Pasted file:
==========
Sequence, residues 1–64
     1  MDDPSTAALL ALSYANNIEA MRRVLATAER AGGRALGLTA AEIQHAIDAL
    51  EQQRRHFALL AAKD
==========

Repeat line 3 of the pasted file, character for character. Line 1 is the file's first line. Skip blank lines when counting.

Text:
    51  EQQRRHFALL AAKD